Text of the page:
Australia PM spurns Qantas plea for help as carrier cut to junk status

Australia PM spurns Qantas plea for help as carrier cut to junk status

SYDNEY - Australia's prime minister Tony Abbott spurned a plea for help from Qantas Airways Ltd on Friday, saying subsidising the embattled airline would be "a bottomless pit" as its credit rating was relegated to junk status.

The downgrade by Standard & Poor's followed a shock loss warning from the carrier on Thursday that sent its shares plummeting to their biggest one-day loss in almost 18 months. Moody's also said it may cut its rating on Qantas below investment grade.

Abbott's comments suggested Chief Executive Alan Joyce had cut little ice with calls to government ministers on Thursday seeking urgent action to assist Qantas, claiming its aggressive rival Virgin Australia Holdings has an unfair advantage.

"The point I make is that if we subsidise Qantas, why not subsidise everyone?" Abbott said in an interview on Melbourne radio station 3AW. "If we subsidise everyone, that's just a bottomless pit into which we will descend."

The Australian flag carrier had been one just four airlines with investment grade ratings from Moody's or S&P. The remaining three are Deutsche Lufthansa AG, Air New Zealand and Southwest Airlines Co.

S&P's move to cut its main rating on the carrier to BB+, one rank below investment grade, could make it harder for debt-loaded Qantas to borrow funds. The airline could also lose some shareholders whose rules on investment prevent them from retaining stock in companies rated at junk level.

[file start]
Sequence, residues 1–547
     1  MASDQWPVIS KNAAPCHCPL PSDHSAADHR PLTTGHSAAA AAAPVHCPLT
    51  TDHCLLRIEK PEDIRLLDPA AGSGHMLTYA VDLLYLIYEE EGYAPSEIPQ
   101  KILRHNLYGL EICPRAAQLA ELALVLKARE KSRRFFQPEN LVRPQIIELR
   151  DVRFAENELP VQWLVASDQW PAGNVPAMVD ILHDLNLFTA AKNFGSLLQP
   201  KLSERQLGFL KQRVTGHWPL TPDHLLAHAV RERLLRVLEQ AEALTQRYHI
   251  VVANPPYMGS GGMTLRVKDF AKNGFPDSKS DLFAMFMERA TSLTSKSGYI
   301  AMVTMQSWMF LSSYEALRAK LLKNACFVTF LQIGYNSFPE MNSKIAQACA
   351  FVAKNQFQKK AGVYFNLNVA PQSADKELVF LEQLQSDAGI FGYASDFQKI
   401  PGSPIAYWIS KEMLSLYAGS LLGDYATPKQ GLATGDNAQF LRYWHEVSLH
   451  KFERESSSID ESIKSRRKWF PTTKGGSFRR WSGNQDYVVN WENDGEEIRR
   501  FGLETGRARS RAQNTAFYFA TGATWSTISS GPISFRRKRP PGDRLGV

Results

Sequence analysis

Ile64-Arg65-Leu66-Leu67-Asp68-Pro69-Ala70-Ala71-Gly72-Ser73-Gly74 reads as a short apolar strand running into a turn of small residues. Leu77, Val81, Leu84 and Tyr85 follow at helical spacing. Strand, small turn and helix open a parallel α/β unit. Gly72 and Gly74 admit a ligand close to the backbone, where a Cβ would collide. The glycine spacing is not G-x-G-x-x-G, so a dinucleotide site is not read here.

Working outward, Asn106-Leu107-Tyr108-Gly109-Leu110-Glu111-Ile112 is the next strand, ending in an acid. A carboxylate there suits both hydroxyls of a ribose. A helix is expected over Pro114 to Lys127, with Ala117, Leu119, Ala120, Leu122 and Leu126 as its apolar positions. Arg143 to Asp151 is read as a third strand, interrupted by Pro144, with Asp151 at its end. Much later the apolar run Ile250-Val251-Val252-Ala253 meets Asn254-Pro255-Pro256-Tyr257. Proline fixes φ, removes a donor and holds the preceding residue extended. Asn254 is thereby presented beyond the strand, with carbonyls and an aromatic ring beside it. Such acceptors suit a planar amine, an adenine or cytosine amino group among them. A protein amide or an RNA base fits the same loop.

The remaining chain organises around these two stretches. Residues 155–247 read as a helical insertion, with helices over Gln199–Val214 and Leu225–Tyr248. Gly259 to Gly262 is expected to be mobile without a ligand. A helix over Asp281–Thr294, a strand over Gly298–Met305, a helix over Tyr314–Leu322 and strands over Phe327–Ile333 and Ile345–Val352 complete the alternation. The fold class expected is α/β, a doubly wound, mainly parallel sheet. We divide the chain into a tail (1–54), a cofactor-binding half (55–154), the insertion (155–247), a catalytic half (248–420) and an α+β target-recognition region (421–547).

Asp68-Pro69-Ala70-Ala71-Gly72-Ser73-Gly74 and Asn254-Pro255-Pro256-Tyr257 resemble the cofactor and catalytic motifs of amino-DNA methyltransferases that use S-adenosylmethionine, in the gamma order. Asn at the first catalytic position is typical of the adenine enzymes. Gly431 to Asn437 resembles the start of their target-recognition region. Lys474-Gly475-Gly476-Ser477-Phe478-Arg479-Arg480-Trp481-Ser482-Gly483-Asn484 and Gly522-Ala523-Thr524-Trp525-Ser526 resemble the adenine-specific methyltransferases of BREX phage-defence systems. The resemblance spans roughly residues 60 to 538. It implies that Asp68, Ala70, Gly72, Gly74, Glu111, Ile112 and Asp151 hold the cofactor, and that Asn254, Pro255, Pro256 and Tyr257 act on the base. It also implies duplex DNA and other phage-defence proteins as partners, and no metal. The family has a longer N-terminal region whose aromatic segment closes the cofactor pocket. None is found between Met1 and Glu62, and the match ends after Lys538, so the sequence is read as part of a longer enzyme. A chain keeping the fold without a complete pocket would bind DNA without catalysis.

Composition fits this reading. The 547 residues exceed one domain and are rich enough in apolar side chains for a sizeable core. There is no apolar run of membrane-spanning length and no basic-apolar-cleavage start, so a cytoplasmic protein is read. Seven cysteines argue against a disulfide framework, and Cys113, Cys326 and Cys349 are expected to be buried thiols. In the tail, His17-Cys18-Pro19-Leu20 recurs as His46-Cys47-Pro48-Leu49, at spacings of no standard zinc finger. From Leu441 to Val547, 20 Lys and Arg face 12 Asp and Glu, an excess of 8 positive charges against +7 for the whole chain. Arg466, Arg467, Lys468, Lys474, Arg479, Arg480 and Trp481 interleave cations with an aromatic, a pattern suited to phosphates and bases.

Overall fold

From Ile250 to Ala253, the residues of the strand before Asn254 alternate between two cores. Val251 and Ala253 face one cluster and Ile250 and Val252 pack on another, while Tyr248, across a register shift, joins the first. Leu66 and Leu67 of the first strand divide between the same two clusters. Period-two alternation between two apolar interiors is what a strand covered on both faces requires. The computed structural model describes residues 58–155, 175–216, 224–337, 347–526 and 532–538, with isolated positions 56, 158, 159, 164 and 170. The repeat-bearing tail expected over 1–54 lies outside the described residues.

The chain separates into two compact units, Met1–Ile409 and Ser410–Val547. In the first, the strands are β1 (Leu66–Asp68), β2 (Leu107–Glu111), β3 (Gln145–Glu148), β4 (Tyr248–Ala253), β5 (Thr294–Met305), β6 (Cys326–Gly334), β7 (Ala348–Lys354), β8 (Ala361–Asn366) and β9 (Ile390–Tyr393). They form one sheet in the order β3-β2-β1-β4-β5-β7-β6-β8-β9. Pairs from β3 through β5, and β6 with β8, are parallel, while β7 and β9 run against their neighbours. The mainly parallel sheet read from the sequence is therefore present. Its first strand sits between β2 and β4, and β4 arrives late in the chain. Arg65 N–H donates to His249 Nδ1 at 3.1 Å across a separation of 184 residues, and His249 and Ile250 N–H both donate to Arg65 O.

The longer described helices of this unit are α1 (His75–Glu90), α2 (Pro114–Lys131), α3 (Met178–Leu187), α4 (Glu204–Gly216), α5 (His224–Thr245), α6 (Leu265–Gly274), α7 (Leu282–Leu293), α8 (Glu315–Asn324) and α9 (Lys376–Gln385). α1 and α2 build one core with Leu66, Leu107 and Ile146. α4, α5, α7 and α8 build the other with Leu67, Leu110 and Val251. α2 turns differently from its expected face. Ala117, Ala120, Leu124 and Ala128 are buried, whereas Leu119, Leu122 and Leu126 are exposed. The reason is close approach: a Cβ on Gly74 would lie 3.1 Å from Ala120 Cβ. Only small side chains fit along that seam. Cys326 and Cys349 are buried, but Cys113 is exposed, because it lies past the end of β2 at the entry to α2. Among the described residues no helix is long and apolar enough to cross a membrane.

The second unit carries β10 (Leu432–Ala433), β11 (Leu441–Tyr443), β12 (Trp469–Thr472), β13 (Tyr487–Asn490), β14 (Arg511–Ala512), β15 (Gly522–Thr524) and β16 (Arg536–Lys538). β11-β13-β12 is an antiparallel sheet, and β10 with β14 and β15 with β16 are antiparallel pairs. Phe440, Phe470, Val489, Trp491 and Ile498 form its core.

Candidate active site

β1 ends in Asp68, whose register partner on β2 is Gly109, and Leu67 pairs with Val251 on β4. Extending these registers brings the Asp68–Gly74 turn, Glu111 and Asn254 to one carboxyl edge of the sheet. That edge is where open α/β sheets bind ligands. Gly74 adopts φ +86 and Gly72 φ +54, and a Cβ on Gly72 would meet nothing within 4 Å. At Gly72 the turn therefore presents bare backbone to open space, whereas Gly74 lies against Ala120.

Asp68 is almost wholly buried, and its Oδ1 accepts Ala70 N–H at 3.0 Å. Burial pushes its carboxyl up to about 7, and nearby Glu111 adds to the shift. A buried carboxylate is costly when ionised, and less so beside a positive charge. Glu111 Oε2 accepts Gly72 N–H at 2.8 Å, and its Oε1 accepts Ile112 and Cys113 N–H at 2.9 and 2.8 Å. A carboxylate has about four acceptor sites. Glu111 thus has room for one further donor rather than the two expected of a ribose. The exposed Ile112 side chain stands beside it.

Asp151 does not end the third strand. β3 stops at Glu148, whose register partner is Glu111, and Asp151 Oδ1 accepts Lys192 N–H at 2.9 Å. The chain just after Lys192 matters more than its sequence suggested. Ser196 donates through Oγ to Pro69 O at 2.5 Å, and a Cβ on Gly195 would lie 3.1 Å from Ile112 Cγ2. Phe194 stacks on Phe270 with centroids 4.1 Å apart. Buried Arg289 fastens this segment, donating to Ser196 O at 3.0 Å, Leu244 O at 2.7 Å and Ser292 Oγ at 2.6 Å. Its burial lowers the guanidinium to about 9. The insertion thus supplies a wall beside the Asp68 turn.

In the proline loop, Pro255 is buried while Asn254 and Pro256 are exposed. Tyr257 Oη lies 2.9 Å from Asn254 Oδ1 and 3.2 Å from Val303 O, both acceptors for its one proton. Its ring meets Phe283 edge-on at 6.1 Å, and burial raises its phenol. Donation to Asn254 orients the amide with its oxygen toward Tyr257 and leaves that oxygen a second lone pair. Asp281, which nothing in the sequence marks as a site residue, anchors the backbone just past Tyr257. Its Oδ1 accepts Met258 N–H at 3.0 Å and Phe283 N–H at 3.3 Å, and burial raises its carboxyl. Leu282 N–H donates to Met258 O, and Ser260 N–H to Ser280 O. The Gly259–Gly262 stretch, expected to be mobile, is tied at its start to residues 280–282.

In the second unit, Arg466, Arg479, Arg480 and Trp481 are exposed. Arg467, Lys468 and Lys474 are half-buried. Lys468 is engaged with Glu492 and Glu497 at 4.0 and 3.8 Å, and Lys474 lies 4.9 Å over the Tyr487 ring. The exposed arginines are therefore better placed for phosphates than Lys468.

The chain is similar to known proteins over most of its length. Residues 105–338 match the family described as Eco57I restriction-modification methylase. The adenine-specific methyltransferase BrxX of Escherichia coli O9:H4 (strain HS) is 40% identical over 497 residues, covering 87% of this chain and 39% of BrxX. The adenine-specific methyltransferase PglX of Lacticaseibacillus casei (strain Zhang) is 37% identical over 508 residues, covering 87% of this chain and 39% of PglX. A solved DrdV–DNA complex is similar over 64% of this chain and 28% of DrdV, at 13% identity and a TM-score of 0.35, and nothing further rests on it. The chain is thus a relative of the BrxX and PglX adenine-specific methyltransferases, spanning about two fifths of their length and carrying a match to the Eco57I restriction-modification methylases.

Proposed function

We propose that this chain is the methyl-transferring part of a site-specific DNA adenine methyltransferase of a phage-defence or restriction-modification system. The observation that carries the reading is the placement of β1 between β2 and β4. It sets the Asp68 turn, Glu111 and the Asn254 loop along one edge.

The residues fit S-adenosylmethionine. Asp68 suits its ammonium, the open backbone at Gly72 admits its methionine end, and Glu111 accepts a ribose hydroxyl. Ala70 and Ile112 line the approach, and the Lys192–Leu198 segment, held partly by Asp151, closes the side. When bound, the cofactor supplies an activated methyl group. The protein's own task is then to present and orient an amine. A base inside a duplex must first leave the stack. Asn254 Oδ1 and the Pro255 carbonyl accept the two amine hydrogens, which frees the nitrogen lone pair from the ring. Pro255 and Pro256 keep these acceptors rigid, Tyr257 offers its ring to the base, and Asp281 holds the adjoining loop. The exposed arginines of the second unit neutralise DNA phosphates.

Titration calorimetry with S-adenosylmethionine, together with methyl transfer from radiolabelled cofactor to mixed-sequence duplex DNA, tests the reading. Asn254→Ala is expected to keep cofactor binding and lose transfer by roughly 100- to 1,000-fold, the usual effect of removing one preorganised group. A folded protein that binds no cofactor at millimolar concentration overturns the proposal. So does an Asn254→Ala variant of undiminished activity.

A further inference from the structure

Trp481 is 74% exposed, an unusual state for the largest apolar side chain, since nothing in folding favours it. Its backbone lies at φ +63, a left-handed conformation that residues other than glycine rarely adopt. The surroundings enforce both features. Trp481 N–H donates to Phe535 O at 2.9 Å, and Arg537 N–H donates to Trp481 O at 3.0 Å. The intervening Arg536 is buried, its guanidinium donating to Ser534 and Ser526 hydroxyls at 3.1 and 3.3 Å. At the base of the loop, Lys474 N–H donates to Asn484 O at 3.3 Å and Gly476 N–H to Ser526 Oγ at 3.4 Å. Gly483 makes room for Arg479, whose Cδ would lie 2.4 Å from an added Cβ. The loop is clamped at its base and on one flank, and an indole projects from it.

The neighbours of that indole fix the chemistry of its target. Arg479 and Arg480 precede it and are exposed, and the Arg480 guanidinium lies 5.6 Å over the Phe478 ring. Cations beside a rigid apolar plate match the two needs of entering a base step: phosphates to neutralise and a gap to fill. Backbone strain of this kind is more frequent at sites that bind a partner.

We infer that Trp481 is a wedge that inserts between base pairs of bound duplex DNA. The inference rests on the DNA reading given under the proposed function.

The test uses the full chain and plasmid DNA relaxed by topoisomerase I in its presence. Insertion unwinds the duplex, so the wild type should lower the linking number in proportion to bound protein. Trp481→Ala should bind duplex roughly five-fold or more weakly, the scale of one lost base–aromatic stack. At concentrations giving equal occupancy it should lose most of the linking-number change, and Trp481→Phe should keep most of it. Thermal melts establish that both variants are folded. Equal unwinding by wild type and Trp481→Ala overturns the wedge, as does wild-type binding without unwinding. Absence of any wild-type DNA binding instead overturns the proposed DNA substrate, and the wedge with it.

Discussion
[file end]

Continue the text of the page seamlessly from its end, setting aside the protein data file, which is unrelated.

Qantas warned on Thursday it expects a pre-tax first-half loss of between A$250 million and A$300 million in the six months to December 31. S&P said that warning caused the carrier's financial risk profile to deteriorate, adding it may cut Qantas's rating again.

The airline has long complained that Virgin Australia's access to foreign funding, via its major shareholders Gulf carrier Etihad, Singapore Airlines and Air New Zealand, has created an unfair playing field.

Qantas CEO Joyce had hinted that subsidies would help, while analysts had speculated the government might consider a share purchase. Though formerly state-owned, the government owns no shares in the carrier now.

"In the end businesses have to operate profitably, and in the end they have to operate profitably because of their own decisions and from their own resources," Abbott said. "They can't expect government to do anything other than create the best possible market conditions for them to operate."

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